Central to the interpretation of the Gilgal Argaman site is the groundbreaking work of Adam Zertal, whose pioneering studies have reshaped our understanding of ancient Israelite culture.

Despite sustaining a severe injury during his military service, Zertal later became an exceptional archaeologist, uncovering significant sites and insights into the study of ancient Israel.

His most notable achievements are:

1. The 1978 Manasseh Hill Country Survey: A comprehensive survey of approximately 3,000 square kilometers in the northern and central Samaria and the Jordan Valley.

2. Identification of six cultic sites of Gilgalim – foot-shaped sites in the Jordan Valley.

3. The discovery and excavation of the Altar on Mount Ebal, interpreted as Joshua's Altar.

4. The "El-Ahwat" archaeological site – known as the "Harosheth of the Gentiles."

Zertal asserted that the foot-shaped “gilgal sites” (plural “gilgalim” in Hebrew) symbolize themes of ancient Hebrew land ownership, national identity and spiritual authority. These challenge conventional interpretations of biblical texts and the usual, secular academic archaeological interpretation.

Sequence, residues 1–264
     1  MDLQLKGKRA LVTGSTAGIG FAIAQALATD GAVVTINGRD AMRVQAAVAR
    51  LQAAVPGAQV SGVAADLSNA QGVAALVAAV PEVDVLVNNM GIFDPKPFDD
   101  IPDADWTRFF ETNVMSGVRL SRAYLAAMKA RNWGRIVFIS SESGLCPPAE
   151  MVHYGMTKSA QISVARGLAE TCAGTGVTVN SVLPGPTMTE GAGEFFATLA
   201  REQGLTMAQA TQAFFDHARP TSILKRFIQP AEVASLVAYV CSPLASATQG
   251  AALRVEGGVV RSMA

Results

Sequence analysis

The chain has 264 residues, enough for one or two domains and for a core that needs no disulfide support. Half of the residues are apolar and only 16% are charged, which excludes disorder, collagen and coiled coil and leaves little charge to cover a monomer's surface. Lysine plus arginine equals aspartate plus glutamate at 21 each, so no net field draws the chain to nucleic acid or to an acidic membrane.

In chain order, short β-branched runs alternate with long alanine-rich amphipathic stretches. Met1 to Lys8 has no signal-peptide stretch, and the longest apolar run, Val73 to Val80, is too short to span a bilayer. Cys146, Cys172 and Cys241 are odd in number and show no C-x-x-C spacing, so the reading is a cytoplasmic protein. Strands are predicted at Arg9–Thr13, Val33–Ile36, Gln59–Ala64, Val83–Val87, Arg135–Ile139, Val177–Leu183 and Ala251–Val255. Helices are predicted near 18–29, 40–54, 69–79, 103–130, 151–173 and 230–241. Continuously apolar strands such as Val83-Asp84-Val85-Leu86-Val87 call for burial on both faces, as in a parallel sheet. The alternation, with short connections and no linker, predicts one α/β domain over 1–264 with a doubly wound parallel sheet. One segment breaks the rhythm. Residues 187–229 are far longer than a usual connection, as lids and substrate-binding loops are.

By linking the "foot" motif to the ancient Hebrews, who adopted it from Egyptian traditions of subjugation and control, Zertal offers a compelling interpretation of the symbolic importance of these enigmatic archaeological sites.

Zertal wrote a trilogy of related biblically-themed books, with one of them directly connected to the Gilgals: “The Footsteps of God: The Discovery of Israelite Gilgal Sites Dating to the Iron Age.”

While Zertal mentions the “gilgal” in plural (“gilgalim”), could the “Gilgals” be several different places mentioned in the Bible?

Indeed, the Gilgal Argaman site is not an isolated phenomenon but part of a larger network of foot-shaped “gilgalim” scattered throughout the region of modern Israel. From Masua to Tirzah Valley, these sites share common features such as their distinctive layout and lower positioning relative to their surroundings.

The term "Gilgal" in biblical context refers to a category of sites rather than one specific location. These 39 Gilgals mentioned in the Bible were primarily situated in the Jordan Valley and the hill country. Functioning as focal points for the tribes of Israel, they served various purposes including gatherings, worship, legal proceedings, and military preparations (as mentioned in the Bible).

This activity spanned from the settlement and Judges era (12th-10th centuries B.C) through the monarchy period (9th-8th centuries B.C). Scriptural references to Gilgal are found in the books of Deuteronomy, Joshua, Judges, Samuel, and Kings, and later in the prophetic writings of Hosea, Amos, Micah, and Nehemiah.